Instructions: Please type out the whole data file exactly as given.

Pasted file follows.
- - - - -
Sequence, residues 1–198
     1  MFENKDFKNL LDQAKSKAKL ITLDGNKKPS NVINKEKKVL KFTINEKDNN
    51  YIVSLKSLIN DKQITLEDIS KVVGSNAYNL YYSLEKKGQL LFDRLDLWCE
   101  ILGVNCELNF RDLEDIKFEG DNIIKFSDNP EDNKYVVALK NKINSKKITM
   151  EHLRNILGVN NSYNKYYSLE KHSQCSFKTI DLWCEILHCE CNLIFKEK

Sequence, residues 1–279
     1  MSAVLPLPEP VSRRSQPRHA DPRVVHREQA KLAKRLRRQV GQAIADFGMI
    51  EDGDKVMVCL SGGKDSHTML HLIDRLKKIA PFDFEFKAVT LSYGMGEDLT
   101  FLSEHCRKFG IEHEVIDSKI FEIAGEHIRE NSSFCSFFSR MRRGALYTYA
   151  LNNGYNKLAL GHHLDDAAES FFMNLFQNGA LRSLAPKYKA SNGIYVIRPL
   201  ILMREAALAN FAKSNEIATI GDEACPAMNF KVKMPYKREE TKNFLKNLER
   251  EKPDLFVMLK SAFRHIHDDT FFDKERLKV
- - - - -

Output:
Sequence, residues 1–198
     1  MFENKDFKNL LDQAKSKAKL ITLDGNKKPS NVINKEKKVL KFTINEKDNN
    51  YIVSLKSLIN DKQITLEDIS KVVGSNAYNL YYSLEKKGQL LFDRLDLWCE
   101  ILGVNCELNF RDLEDIKFEG DNIIKFSDNP EDNKYVVALK NKINSKKITM
   151  EHLRNILGVN NSYNKYYSLE KHSQCSFKTI DLWCEILHCE CNLIFKEK

Sequence, residues 1–279
     1  MSAVLPLPEP VSRRSQPRHA DPRVVHREQA KLAKRLRRQV GQAIADFGMI
    51  EDGDKVMVCL SGGKDSHTML HLIDRLKKIA PFDFEFKAVT LSYGMGEDLT
   101  FLSEHCRKFG IEHEVIDSKI FEIAGEHIRE NSSFCSFFSR MRRGALYTYA
   151  LNNGYNKLAL GHHLDDAAES FFMNLFQNGA LRSLAPKYKA SNGIYVIRPL
   201  ILMREAALAN FAKSNEIATI GDEACPAMNF KVKMPYKREE TKNFLKNLER
   251  EKPDLFVMLK SAFRHIHDDT FFDKERLKV